9. 9. Metadata as a view of the resource There is no monolithic, one-size-fits-all metadata record Metadata for the same thing is different depending on use and audience Affected by format, content, and context Harry Potter as represented by…  a public library  an online bookstore  a fan site
  10. 10. Choice of vocabularies as a view Names  LCNAF: Michelangelo Buonarroti, 1475-1564  ULAN: Buonarroti, Michelangelo Places  LCSH: Jakarta (Indonesia)  TGN: Jakarta Subjects  LCSH: Neo-impressionism (Art)  AAT: Pointillism
  11. 11. Choice of metadata format(s) as a view Many factors affect choice of metadata formats MARC, MODS, Dublin Core, EAD, and TEI may all be appropriate for a single item High-quality metadata in a format not common in your community of practice is not shareable
  12. 12. 6 Cs and lots of Ss of shareable metadata Content Consistency Coherence Context Communication Conformance Metadata standards Vocabulary and encoding standards Descriptive content standards Technical standards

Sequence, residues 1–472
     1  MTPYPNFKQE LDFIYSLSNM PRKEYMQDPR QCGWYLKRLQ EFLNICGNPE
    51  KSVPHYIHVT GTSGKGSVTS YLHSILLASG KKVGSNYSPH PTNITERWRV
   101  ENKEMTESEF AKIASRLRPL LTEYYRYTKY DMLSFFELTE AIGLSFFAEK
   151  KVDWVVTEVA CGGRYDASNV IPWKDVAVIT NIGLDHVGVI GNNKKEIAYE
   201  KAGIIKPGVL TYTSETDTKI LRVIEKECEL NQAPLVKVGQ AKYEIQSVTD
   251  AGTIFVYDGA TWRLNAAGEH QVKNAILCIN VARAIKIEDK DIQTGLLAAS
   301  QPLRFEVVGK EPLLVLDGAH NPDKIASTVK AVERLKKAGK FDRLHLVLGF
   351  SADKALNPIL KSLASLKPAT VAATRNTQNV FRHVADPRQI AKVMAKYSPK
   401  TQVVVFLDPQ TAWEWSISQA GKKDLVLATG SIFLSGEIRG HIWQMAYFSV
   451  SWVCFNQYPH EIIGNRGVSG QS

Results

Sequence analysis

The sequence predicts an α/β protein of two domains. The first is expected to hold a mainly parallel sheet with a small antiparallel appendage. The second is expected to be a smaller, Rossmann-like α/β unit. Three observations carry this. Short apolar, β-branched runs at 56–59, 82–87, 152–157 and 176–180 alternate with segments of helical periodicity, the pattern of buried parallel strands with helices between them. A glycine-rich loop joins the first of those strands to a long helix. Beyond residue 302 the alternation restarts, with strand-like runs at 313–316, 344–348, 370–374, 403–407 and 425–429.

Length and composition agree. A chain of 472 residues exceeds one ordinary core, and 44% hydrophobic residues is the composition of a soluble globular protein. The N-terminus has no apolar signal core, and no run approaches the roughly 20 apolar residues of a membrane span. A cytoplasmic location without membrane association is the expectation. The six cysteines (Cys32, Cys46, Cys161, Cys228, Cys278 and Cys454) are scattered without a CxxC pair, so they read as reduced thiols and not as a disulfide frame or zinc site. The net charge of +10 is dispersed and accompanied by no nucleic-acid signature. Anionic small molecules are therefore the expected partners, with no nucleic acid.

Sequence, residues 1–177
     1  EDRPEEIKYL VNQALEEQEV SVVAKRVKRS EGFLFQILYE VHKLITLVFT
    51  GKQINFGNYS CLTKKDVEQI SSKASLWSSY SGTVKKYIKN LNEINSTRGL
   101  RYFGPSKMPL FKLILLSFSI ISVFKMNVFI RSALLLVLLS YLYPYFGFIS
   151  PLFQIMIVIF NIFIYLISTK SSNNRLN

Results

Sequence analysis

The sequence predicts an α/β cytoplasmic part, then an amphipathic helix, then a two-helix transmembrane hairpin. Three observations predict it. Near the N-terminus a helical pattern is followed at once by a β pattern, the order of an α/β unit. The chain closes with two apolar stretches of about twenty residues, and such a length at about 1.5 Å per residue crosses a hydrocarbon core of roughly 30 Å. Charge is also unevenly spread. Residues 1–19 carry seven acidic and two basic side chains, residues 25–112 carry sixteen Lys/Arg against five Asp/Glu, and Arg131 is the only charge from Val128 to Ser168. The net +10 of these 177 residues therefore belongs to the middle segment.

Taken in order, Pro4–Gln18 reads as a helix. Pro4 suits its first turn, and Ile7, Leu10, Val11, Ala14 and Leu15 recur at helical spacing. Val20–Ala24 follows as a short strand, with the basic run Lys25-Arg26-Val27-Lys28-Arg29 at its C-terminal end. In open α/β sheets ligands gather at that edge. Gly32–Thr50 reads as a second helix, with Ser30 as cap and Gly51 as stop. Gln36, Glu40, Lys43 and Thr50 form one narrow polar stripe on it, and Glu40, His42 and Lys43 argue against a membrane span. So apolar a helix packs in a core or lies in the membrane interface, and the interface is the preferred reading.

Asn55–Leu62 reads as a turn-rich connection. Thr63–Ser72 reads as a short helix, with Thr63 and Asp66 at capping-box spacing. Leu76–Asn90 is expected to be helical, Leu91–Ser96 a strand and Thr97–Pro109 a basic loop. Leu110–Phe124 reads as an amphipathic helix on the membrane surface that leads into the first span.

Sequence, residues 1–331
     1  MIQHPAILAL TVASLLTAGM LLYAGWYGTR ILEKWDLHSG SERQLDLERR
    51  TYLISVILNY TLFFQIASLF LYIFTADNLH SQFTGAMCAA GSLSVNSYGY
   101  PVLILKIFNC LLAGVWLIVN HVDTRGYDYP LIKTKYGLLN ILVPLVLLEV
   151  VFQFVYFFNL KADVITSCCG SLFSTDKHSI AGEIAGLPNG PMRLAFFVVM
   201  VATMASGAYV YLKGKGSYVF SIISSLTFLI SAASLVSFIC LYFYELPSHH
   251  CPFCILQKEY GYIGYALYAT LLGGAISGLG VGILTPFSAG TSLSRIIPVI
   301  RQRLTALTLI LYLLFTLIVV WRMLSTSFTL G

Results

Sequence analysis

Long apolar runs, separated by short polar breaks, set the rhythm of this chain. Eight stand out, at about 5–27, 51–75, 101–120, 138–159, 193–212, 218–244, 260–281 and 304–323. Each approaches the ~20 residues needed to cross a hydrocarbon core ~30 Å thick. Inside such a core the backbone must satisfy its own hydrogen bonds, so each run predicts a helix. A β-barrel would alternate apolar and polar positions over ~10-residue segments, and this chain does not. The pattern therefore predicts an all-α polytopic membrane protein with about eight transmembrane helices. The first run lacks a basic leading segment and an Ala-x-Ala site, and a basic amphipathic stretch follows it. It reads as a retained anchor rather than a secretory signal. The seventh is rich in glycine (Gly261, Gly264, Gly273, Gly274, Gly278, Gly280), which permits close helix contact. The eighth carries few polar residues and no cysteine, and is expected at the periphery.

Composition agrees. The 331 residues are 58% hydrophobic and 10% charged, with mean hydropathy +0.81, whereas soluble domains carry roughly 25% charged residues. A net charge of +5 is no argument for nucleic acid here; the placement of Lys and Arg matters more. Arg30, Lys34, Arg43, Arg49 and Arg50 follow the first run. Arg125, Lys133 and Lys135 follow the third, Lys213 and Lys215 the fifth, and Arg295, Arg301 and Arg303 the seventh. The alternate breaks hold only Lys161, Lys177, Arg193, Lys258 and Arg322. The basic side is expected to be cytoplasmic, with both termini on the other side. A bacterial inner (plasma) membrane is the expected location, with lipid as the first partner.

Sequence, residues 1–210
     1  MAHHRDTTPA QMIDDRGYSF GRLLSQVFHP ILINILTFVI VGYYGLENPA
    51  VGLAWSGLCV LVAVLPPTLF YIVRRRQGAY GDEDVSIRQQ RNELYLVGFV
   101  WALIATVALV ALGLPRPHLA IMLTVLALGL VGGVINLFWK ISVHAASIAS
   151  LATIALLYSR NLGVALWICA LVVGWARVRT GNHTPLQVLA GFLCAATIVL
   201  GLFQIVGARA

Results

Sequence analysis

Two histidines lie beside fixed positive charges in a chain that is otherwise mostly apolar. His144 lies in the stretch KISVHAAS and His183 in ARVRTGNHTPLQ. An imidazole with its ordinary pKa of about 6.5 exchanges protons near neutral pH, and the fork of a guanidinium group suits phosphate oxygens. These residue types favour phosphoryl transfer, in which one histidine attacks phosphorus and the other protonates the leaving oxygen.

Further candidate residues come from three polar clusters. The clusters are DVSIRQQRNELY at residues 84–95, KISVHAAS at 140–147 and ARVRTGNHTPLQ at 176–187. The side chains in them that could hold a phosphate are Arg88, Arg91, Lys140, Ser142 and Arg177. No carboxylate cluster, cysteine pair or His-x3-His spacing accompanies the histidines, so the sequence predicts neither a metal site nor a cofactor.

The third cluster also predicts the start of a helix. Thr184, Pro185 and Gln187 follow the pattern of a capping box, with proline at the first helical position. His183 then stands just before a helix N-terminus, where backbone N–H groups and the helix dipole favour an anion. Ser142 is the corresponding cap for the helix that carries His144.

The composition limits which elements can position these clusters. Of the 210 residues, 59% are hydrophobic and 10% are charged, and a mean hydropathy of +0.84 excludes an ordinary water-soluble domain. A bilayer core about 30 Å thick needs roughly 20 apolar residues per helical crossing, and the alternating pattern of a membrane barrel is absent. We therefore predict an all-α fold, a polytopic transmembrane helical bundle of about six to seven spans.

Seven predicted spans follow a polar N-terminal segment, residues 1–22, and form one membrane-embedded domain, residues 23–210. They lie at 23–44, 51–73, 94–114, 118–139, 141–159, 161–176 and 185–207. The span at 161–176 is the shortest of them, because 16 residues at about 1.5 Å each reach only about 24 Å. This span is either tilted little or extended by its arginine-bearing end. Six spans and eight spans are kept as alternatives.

13. 13. Content Choose appropriate vocabularies Choose appropriate granularity Make it obvious what to display Make it obvious what to index Exclude unnecessary “filler” Make it clear what links point to
  14. 14. Consistency Records in a set should all reflect the same practice  Fields used  Vocabularies  Syntax encoding schemes Allows aggregators to apply same enhancement logic to an entire group of records
  15. 15. Coherence Record should be self-explanatory Values must appear in appropriate elements Repeat fields instead of “packing” to explicitly indicate where one value ends and another begins
  16. 16. Context Include information not used locally Exclude information only used locally Current safe assumptions  Users discover material through shared record  User then delivered to your environment for full context Context driven by intended use